2. Testing A New Product In A Dynamic Environment

In a dynamic product environment when the release is in the early stage and undergoing changes, the product is unstable. Exploratory testing requires less preparation before starting the test activities and it can quickly bring the focus back on to the product. Using automated test case documentation, you can test in line with the agile philosophy and verify your product’s compliance with the assumptions.

3. Ever Heard Of Pesticide Paradox

The pesticide paradox in software testing refers to the phenomenon that the more you test a product, the more immune it becomes to the tests (similar to the insects that eventually build up resistance to pesticides).

Running the same scripts repeatedly on same code will not fetch new errors. The overall risk profile of your release gets complicated as you move along the life cycle of the product.

This continuously evolving risk requires constant impact analysis and code maintenance. Which translates into more time, effort and delays. Ideally, test automation should take care of the impact issues and regression testing, while QAs should focus on finding fresh issues.

4. Finding Out of The Box Bugs

Exploratory testing allows uncovering of those edge cases or bugs that are normally hard to find or ignored using other testing methods. Since you are testing based on intuition and the data you have at hand, you are not biased and not following a script. Exploratory Testing is highly effective under controlled environments in detecting bugs of varying severity.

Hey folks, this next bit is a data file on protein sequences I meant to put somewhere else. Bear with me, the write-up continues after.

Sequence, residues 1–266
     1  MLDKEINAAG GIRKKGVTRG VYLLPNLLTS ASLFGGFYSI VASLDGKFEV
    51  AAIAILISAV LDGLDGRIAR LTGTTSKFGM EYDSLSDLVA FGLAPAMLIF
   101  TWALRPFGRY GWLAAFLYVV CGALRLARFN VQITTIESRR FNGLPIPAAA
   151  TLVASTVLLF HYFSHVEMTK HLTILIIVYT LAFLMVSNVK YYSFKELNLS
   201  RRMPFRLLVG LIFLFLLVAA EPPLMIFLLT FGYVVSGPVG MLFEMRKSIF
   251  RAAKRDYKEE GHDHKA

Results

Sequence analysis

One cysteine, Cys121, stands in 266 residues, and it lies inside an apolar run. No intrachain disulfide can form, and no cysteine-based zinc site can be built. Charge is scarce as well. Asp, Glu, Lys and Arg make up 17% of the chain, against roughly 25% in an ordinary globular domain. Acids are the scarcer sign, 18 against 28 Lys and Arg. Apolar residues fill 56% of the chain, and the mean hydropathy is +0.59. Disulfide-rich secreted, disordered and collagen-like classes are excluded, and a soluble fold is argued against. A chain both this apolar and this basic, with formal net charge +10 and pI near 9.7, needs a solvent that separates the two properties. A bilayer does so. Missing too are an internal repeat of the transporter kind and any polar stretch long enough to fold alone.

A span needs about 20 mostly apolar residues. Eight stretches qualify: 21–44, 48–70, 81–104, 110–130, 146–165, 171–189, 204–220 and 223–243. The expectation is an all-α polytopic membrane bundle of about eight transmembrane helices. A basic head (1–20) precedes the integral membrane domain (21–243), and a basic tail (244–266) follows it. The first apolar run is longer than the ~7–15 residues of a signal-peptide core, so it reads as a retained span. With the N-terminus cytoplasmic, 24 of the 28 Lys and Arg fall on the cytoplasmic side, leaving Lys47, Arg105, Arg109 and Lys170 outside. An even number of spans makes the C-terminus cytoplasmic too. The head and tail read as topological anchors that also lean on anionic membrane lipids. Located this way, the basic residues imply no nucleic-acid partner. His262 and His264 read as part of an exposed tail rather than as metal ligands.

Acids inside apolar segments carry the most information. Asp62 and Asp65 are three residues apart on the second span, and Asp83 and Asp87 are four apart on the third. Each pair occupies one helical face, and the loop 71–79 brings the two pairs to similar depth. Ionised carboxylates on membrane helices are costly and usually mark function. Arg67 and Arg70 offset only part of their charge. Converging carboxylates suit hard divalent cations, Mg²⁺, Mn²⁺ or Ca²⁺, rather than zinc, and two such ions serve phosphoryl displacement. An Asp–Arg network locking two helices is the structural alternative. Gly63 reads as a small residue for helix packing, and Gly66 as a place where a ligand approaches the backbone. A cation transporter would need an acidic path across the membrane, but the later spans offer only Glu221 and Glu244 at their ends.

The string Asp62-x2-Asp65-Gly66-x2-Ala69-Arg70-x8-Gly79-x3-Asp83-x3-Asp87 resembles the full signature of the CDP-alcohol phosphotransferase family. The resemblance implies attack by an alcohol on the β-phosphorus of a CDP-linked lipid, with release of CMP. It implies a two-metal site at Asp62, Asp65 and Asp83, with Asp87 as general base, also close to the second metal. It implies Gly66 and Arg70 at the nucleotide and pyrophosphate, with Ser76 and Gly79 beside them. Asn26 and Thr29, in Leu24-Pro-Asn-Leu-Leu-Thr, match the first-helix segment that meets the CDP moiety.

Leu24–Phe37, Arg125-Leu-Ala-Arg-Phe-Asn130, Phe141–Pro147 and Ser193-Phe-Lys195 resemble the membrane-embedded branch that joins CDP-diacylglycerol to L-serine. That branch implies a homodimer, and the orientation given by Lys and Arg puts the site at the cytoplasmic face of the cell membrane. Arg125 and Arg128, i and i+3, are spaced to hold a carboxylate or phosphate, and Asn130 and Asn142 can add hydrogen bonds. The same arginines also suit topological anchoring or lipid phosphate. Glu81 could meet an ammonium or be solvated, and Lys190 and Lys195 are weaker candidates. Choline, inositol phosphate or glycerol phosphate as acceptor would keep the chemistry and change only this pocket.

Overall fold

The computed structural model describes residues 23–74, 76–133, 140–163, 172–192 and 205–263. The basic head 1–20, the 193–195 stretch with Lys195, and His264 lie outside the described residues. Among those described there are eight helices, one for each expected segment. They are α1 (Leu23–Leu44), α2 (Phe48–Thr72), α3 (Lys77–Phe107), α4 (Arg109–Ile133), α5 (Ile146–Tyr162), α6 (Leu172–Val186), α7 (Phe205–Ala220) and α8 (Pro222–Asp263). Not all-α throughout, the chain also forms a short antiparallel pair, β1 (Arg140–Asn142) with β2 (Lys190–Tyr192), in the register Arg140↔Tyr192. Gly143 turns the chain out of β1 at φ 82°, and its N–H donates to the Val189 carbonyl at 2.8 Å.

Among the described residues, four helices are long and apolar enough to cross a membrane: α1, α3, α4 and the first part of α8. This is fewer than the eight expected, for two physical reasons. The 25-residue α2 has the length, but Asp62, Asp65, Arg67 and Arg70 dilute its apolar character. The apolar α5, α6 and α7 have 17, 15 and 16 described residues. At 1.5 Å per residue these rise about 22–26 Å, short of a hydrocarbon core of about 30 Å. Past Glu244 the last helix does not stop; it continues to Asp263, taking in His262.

The trick is to use ET intelligently and capture high-risk bugs that would otherwise go unnoticed.

Undertaking product development for a target group / customer / domain: Yes! You are the right person to think in the manner of an end user, tester, domain, client or business group, and using this versatility, exploratory testing will prove to be an essential approach.

5. A Precursor to Automation

Software that is comprehensively tested by automated tests can still regress after the bugs are fixed. Test automation helps discover cases that we are already aware of, but ET uncovers the cases we haven’t discovered yet.

Testers can experiment with a user story that follows a certain sequence. Using tool functionalities like annotation, voice memos or adding assertions, they can create documentation on the fly. This is how they can convert a user story into a test case and help formalize the findings. The exploratory testing practice then becomes a precursor to automation.

6. Product Development For Niche Domains Or A Specific Target Group

Think like the end user. Nowhere is it more true than in exploratory testing. The right person to think like the end user, the client or business group is the one who explores the product. This is as close to business validation you can get.

Build Robust Products

Every DevOps/Agile team aims to build robust products. The kind that don’t break at the slightest anomaly or unpredictable variations. Since test scripts are less tolerant to change, exploratory testing charters help uncover these odd anomalies faster without losing time or focus on documentation. If this has raised your curiosity and you want to find out more about Exploratory Testing, then read our guide here.